The remaining issue is that of privity. "Privity is not required to maintain an action under c. 93A, § 11, 'so long as the parties are engaged in more than a minor or insignificant business relationship.'" Giuffrida v. High Country Investor, Inc., 73 Mass. App. Ct. 225, 238 (2008), quoting Standard Register Co. v. Bolton-Emerson, Inc., 38 Mass. App. Ct. 545, 551 (1995). In this case, there exists more than a minor or insignificant relationship. A tripartite relationship existed between the insured, the motor vehicle insurer, and the motor vehicle repair shop. NEBW may have looked to Stamatakis for payment, but, as acknowledged by NEBW's president, the real party in interest is Metropolitan. Ultimately, it is Metropolitan that bears the financial cost of the services provided by NEBW. The trial judge committed no error in determining that NEBW committed an unfair business practice.

Our view that there existed in this case more than a minor or insignificant relationship is also supported by the evidence that Stamatakis signed a repair order that allowed NEBW to negotiate with Metropolitan on his behalf. This right to negotiate is founded on regulations promulgated by the Auto Damage Appraiser Licensing Board. Pursuant to 212 CMR § 2.04(1)(b), all repair shops are required to have a licensed appraiser in their employment and, under § 2.04(1)(e), the insurer's appraiser and the repair shop's appraiser shall work toward an agreement on the estimated cost of the repair of the vehicle. Those regulations and the evidence in this case demonstrate that more than a minor or insignificant relationship existed between NEBW, the motor vehicle repair shop, and Metropolitan, the insurer who ultimately bore the burden of coverage for the damaged vehicle.

Accordingly, the judgment for Metropolitan on its cross claim against NEBW is

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affirmed. The judgment for Stamatakis against Metropolitan is vacated, and the case is returned to the trial court for a reassessment of the attorney's fees awarded to Stamatakis pursuant to G.L. c. 218, § 23. Judgment for Stamatakis, including the reassessed attorney's fees, shall be entered against Metropolitan.

So ordered.


[Note 1] Third-party defendant New England Body Works, Inc.

[Note 2] The small claims action was filed on May 26, 2004. The case was entered on the regular civil docket on October 4, 2004. The jury returned a verdict on December 14, 2006. The trial judge found for Metropolitan on its unfair business practice claim on April 24, 2007. Final judgment entered on April 25, 2007. Metropolitan and NEBW filed timely notices of appeal. Neither party timely filed the required filing fee. See Dist./Mun. Cts. R.A.D.A. 3 & 4. The docket reflects that, although the trial transcript was received on February 23, 2009, the parties were not notified that it had been received until December 20, 2010.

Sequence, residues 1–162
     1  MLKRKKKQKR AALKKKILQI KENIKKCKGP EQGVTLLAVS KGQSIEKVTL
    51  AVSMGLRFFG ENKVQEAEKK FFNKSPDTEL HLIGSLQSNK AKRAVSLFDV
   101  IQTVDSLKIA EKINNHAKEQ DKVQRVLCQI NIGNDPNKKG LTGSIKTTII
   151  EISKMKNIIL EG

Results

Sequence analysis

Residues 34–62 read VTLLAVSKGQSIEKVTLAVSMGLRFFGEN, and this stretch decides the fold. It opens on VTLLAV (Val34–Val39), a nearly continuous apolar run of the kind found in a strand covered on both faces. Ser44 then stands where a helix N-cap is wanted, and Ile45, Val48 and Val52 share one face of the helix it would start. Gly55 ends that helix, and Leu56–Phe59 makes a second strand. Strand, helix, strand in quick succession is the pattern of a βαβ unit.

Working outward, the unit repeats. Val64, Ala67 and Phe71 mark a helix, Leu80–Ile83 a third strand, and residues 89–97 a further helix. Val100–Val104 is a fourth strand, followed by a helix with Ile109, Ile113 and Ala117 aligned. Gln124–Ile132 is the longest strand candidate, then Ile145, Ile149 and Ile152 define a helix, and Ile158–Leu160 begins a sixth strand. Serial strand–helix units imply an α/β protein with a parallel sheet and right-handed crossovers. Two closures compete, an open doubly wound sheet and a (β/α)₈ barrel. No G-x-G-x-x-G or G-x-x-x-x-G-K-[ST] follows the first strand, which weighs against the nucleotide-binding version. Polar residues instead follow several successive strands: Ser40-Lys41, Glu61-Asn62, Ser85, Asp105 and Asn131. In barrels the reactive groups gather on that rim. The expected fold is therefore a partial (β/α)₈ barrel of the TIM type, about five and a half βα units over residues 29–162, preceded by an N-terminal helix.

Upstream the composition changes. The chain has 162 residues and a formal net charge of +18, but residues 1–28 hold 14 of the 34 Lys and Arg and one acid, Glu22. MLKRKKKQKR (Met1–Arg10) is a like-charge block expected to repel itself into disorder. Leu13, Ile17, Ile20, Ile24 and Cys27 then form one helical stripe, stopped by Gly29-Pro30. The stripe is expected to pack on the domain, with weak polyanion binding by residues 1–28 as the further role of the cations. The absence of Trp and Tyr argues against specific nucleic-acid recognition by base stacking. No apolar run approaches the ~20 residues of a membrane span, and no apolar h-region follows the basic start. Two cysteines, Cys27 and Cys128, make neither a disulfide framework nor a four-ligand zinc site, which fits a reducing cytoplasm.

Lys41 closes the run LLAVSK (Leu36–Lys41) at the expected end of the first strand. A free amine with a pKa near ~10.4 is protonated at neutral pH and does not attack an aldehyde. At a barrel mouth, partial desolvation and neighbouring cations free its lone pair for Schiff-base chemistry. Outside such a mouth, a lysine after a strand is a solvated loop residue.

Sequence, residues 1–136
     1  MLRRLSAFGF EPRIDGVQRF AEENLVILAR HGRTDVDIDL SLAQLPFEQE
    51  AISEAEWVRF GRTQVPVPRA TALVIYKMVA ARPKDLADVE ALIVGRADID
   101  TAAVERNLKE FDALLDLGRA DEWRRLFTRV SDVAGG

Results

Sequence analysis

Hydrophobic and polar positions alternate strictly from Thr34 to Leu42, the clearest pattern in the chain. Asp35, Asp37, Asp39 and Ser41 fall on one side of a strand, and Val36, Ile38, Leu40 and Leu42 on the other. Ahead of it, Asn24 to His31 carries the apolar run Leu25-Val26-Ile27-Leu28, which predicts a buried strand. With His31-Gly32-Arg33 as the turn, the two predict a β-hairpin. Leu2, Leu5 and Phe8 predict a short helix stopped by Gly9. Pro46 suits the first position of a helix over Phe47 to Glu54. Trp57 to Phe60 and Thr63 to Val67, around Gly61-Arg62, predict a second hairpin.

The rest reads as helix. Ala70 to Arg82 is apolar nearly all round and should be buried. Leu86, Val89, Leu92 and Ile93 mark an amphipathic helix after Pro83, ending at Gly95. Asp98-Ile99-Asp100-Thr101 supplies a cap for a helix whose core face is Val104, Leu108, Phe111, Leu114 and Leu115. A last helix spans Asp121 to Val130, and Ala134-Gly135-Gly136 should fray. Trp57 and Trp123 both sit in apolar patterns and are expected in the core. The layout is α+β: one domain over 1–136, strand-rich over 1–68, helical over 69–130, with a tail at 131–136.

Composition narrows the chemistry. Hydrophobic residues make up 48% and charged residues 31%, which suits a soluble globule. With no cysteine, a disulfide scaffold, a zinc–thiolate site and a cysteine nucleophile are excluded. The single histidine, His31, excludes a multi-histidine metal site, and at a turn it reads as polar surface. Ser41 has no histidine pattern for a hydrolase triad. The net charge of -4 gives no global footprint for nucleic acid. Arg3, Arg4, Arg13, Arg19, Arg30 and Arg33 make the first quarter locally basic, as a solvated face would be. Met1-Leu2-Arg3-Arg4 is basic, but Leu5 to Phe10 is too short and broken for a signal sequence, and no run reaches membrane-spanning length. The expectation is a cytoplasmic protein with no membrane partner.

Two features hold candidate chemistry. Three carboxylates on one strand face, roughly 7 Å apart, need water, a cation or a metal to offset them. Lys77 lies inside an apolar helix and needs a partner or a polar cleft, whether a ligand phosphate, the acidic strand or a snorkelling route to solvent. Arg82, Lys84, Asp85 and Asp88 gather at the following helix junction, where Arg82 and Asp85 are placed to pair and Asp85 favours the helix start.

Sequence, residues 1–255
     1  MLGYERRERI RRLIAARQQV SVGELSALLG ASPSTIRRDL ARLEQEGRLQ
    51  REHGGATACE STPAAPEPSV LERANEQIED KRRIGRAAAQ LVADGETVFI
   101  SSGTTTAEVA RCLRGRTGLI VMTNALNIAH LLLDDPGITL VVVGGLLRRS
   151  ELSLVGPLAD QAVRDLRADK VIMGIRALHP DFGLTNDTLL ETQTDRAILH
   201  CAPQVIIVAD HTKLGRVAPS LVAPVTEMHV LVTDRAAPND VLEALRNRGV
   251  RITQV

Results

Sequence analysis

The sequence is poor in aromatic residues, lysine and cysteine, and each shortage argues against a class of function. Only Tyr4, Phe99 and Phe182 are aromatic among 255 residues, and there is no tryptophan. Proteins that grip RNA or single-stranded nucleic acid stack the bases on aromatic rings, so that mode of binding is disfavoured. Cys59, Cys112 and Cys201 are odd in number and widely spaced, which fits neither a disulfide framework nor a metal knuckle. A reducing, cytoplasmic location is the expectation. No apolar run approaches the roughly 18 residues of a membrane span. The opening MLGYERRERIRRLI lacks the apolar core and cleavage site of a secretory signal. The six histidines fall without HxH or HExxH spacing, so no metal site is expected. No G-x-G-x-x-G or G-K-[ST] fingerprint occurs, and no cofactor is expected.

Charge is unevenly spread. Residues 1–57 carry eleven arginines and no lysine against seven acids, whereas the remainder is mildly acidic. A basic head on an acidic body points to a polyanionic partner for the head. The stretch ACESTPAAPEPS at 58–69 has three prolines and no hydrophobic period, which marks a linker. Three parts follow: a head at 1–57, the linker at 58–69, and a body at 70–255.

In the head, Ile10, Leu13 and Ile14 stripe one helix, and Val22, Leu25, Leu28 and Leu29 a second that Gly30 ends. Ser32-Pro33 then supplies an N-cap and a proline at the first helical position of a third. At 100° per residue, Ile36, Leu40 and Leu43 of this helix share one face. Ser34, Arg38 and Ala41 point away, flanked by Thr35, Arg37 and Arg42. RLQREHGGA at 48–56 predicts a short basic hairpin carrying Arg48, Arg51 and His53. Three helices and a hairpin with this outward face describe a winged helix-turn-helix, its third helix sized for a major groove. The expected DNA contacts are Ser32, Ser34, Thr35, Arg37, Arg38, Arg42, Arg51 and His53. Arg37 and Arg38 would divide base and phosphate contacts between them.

[Note 3] On direct examination, Stamatakis testified that the trip took a "couple of hours."

[Note 4] In May, 2004, Stamatakis obtained actual value figures for similar vehicles from the Internet site "autotrader.com."

[Note 5] Stamatakis testified at trial that he did not remove the vehicle and it remained at NEBW. At some point, NEBW increased its daily vehicle storage rate to $75.00 per day. The daily storage fee is waived by NEBW if NEBW repairs the vehicle.

[Note 6] Stamatakis' "statement of small claims" did not identify these costs as costs sought to be recovered. In closing argument, Stamatakis' counsel informed the jury that the total amount of NEBW's bill, which included these costs, was being sought as damages.

[Note 7] In this case, a copy of the motor vehicle insurance agreement executed between Stamatakis and Metropolitan is not included in the record. General Laws c. 218, § 23 was added as part of St.1976, c. 266, titled An Act Relative to Motor Vehicle Insurance. The term "property damage" is not defined. Metropolitan has not argued that the term reflects its use in G.L. c. 90, § 340, amended as part of c. 266, which requires every motor vehicle policy to provide coverage for property damage. Under § 340, property damage refers to "injury to or destruction of property of others." Under the same section, the Legislature requires insurers to offer optional "collision coverage." It specifically defines the term "collision coverage" as coverage "for direct and accidental loss of or damage to the insured motor vehicle." In the absence of the insurance agreement, we do not know under what provision the contract claim was presented, or how the term "property damage" may have been defined or used.

[Note 8] At oral argument, we raised the issue of whether under G.L. c. 218, § 23, attorney's fees are limited to those fees incurred that relate solely to Stamatakis' "property damage" claim. Because this action is returned for a hearing on the issue of reasonable attorney's fees, the issue can be further developed at the hearing. We do note, however, that circumstances may be such that the apportionment of legal work may not be feasible. See, e.g., Castricone v. Mical, 74 Mass. App. Ct. 591, 604 (2009).

[Note 9] The trial judge awarded nominal damages for what he found to be NEBW's violation of G.L. c. 93A, § 11, and then trebled those damages upon his determination that the statutory violation was wilful and knowing. The award of punitive damages is not before this Division.

[Note 10] NEBW did not request the trial judge to make findings of fact. See Mass. R. Civ. P. 52(c).